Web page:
Section 111 of the Evidence Act states;
“111.Burden on accused in certain cases
(1) When a person is accused of any offence, the burden of proving the existence of circumstances bringing the case within any exception or exemption from, or qualification to, the operation of the law creating the offence with which he is charged and the burden of proving any fact
especially within the knowledge of such person is upon him:
Provided that such burden shall be deemed to be discharged if the court is satisfied by evidence given by the prosecution, whether in cross-examination or otherwise, that such circumstances or facts exist:
Provided further that the person accused shall be entitled to be acquitted of the offence with which he is charged if the court is satisfied that the evidence given by either the prosecution or the defence create a reasonable doubt as to the guilt of the accused person in respect of
(2)Nothing in this section shall–
(a) prejudice or diminish in any respect the obligation to establish by evidence according to law any acts, omissions or intentions which are legally necessary to constitute the offence with which the person accused is charged; or
(b) impose on the prosecution the burden of proving that the circumstances or facts described in subsection(1)do not exist; or(c) affect the burden placed upon an accused person to prove a defence of intoxication or insanity.”
A person charged with defilement is entitled to raise a defence that he was misled by the complainant to believe that she is an adult. Section 8(5) & 6 of the Sexual Offences Act provides:-
“8(5) It is a defence to a charge under this section if -
(a) it is proved that such child, deceived the accused person into
believing that he or she was over the age of eighteen years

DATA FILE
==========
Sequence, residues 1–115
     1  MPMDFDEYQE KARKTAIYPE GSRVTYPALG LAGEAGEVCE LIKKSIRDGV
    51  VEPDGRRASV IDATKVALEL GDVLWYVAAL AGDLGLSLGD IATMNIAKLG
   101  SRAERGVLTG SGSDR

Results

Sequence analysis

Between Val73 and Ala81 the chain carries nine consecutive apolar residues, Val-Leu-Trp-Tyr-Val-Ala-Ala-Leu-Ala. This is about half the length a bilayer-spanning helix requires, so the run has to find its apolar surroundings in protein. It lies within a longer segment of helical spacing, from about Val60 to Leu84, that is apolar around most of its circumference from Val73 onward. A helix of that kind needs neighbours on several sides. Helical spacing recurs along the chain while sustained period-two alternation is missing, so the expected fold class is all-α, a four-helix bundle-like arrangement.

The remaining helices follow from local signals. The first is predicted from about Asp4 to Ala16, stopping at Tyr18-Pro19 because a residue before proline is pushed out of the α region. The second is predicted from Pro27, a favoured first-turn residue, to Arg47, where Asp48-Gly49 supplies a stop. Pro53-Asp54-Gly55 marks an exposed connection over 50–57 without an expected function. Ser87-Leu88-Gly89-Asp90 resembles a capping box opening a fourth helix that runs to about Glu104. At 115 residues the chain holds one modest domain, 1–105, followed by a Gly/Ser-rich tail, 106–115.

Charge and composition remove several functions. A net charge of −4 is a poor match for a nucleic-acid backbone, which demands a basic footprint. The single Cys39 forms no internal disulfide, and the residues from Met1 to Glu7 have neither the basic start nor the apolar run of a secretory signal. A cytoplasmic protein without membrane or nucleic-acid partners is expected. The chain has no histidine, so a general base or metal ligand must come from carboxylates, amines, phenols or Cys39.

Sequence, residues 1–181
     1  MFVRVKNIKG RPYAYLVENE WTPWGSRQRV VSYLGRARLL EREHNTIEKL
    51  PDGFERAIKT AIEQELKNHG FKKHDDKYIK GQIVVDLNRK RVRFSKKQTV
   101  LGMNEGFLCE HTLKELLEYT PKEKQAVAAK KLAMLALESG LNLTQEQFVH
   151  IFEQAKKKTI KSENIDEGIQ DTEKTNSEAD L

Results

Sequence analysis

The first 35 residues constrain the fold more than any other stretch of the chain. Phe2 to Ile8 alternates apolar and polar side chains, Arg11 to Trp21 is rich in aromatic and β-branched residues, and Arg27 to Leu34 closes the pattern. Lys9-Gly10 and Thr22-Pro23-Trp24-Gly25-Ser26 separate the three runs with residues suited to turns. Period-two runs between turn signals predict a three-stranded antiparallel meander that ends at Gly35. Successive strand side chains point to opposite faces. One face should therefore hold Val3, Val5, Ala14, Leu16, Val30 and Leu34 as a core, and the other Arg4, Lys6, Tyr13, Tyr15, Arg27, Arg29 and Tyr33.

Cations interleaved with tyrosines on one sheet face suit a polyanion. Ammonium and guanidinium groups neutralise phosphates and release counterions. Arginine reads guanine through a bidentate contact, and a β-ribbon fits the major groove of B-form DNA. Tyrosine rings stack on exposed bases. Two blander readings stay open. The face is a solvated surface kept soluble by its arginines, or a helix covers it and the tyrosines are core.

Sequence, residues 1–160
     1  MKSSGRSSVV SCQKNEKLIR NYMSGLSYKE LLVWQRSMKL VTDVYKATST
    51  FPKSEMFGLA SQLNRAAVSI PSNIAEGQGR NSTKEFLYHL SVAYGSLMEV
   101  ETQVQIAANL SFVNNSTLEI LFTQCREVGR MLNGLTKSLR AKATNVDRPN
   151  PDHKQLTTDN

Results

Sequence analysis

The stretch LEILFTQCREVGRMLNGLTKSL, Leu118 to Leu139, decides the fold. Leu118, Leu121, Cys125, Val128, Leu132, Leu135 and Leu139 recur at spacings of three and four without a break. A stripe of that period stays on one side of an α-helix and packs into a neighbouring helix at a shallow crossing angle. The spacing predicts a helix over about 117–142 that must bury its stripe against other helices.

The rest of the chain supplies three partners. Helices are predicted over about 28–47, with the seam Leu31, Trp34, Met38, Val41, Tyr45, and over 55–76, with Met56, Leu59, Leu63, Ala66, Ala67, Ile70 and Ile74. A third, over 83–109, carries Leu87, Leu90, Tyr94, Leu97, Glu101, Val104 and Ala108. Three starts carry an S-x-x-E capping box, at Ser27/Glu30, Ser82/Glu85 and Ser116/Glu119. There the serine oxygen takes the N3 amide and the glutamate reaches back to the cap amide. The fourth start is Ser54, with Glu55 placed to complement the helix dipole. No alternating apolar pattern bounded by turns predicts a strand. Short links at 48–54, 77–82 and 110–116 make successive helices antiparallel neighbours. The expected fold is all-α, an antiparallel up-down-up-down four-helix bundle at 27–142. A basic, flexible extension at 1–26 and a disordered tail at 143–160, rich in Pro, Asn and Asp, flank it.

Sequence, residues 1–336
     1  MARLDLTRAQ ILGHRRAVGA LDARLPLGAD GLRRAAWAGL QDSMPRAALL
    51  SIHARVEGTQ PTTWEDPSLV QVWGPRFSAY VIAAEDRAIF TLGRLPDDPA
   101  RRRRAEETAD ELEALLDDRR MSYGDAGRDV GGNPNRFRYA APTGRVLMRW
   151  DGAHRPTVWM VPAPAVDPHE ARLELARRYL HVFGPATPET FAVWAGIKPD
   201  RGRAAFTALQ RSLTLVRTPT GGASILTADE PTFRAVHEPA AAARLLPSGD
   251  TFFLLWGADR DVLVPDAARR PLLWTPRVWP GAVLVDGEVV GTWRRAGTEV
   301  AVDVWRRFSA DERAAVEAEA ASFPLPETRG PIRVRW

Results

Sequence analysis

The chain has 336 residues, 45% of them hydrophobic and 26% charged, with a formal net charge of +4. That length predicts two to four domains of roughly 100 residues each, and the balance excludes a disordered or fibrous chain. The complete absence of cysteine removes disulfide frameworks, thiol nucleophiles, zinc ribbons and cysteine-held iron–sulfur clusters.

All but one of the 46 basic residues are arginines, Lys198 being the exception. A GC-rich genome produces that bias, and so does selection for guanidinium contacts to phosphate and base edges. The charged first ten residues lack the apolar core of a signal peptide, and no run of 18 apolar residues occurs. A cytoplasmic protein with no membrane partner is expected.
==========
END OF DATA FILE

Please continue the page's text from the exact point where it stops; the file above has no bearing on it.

at the time of the alleged commission of the offence; and
(b) the accused reasonably believed that the child was over the
age of eighteen years.
(6) The belief referred to in subsection (5) (b) is to be determined
having regard to all the circumstances, including any steps the accused
person took to ascertain the age of the complainant.”
The appellant has not demonstrated the steps he took to confirm whether the complainant was an adult. His allegation was a sham. The claim that they were friends for a long time cannot hold as he never stated that she asked her age. She was a minor who could not give consent to sexual activity
In the circumstances, I thus opine that the prosecution did prove against the Appellant to requisite standard.
b. Whether the sentence was excessive in the circumstances
23. Ground no. 4 of the Appeal is addressed under this head.
24. Sentencing remains pre-eminently within the discretion of the sentencing court.
25. In the case of Phenellah Nanjala (supra) relied on by the Appellant, the court therein invoked the dictum in the celebrated Muruatetu decision (Francis Karioko Muruatetu & Another -vs- Republic – Petition No. 154 of 2015) and expressed itself as follows:
“Minimum sentences that are prescribed by any legislation deprive the courts of its discretion and undermines its independence in decision making upon interrogation of circumstances pertaining to the Commission of the offence, and in most cases such sentences are not consumerate and proportionate to the offences committed and the victim reports impact and therefore poses serious injustices to the offenders - See Nyamawi Nyawa -vs- Republic (2014) e KLR.”
26. However, fresh directives in interpreting the Muruatetu’s case have since been given by the Supreme Court of Kenya to the effect that the said decision only relates to murder cases.
27. Section 8(3) of the Sexual Offence Act provides that:
“A person who commits an offence of defilement with a child between the age of twelve and fifteen years is liable upon conviction to imprisonment for a term of not less than twenty years.”
The sentence imposed was the bare minimum provided.
28. In this case, the Appellant was a government employee working in the Tharaka Nithi County Government Department of Revenue. He was 26 years old at the time of the commission of the offence. The Appellant also indicated in his mitigation that he had a wife and two children. In my view, he ought to have known better than commit the offence in question. As such, I opine that the sentence meted out is justifiable and not excessive in the circumstances.
29. From the foregoing, it is my view that this appeal is not merited and is dismissed.
DATED, SIGNED AND DELIVERED AT CHUKA THIS 16TH DAY OF DECEMBER, 2021.